Sri Lanka not trying to stifle tourism start ups: minister
ECONOMYNEXT – Sri Lanka is not trying to stifle the smaller start up hotels and apartments at the behest of large operators who cannot face competition, Tourism Minister John Amaratunga said, as tourism officials prepare to bring new rules.
"We are doing it in the interest of the industry not because hoteliers want it done," Amaratunga said.
Sri Lanka’s tourism authorities is planning to gazette new rules of get small guest houses and apartments to register with tourist authorities.
Already rules have been gazetted for larger establishments. A hotel is defined as a place with more than 10 rooms with a 3 star or above requiring at least 30 rooms.
"This is a democratic country, there is freedom for anyone to house anyone," Amaratunga said.
"Only thing is we are also worried that they must pay share taxes. Their overheads are still very much lower than hotels, they can still pay the taxes and make a profit."
Amaratunga said in some cases hotel revenue are charged abroad especially on apartments.
"Any company that operates in Sri Lanka must pay the government taxes," Paddy Withana Chairman Sri Lanka Tourism Promotion Bureau said.
It is not clear which taxes authorities are referring to.
Large hotels have been given decade long income tax holidays, and lower rates of taxes after that and in the case some of the largest hotel expatriate managers are also exempt from tax.
Shangri-La, a Hong Kong based chain has been given a 10 year tax holiday while 20 highly paid expatriates have been exempt from pay-as-you-earn tax.
Large hotels approve by the Board of Investment like Shangri-La have also been exempt from paying value added tax on local purchases and imports and also customs duty.
Small operators have to pay duty on all construction material like homeless Sri Lankan residents who build houses. However some luxury apartment complexes are built with duty free imported materials.
All firms with a minimum revenue now have to pay value added tax of 15 percent.
Booking engines charge some of the highest ‘taxes’ in the world for hotels in Sri Lanka, regardless of revenue and it is not clear whether they are being remitted to the government, either by the hotel or the booking engine.
However once registered guest house also have to pay a tourism promotional levy.
"Our thinking in bringing the gazette is to improve standards of the properties," Withana said. "But the destination has to be protected by rules and regulations."
"The informal sector will grow with global booking engines. That we cannot stop."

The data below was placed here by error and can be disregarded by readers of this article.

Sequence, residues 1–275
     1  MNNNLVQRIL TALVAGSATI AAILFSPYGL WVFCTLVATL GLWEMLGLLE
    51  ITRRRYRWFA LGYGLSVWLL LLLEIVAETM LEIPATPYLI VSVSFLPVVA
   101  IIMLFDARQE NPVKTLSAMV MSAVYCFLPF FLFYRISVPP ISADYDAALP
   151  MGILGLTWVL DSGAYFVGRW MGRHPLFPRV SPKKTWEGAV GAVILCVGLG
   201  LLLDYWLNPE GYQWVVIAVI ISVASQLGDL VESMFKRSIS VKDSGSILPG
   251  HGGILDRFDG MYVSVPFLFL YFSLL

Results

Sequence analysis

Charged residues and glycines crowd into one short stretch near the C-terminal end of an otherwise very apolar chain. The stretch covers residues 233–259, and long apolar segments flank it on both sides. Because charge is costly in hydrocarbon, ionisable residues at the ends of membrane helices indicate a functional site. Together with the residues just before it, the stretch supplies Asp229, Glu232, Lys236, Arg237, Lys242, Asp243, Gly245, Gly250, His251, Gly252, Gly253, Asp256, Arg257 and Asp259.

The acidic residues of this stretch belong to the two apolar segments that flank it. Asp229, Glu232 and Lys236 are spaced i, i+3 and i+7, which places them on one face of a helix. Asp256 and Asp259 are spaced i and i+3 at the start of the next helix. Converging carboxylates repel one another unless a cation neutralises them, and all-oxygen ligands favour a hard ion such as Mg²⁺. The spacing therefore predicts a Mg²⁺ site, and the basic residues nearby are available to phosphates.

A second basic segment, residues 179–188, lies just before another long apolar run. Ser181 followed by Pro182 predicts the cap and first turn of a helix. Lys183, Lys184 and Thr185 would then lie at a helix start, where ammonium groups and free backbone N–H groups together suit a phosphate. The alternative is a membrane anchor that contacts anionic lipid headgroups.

"A guest house must maintain the standard. That is why we want to bring the gazette and implement the standard."
"We don’t want anyone to go out of business."
Withana said they had already registered home stay providers looking at hygiene and safety aspects.
Most observers agree that safety rules are essential, and Sri Lanka’s building codes may not provide sufficiently for fire escapes or some minimal fire-fighting equipment and hygiene. Some hotels are also suspected to be pumping drainage into the sea, sharply increasing feacal matter in the sea water in top tourist hotspots.
With global booking engines, the market itself has developed regulatory mechanisms based on user reviews for service delivery. With improvements in software, it is increasingly difficult for owners of properties to put false ratings to boost their scores.
Unlike government regulation, where officials can be bribed on annual visits in some countries, and periodic check-ups of all establishments are not practical, booking engines keep property owners on their toes all the time due to guest reviews.
A few years ago, officials were making Malthusian doomsday predictions of a ‘shortage’ of hotel rooms. However in a functioning market there cannot be a ‘shortage’ unless there is price control. Heavy demand allows hotels to charge higher prices and tourists simply move to cheaper destinations.
Global tourism was not developed by large hotels but by small operators from the 1960s with the development of the so-called ‘hippie trail’ which ran via Turkey, Iran, Nepal, India, Thailand, Vietnam, Indonesia to Australia, giving rise to practically all top tourist hotspots in Asia, including Sri Lanka’s Hikkaduwa. (Colombo/July08/2016)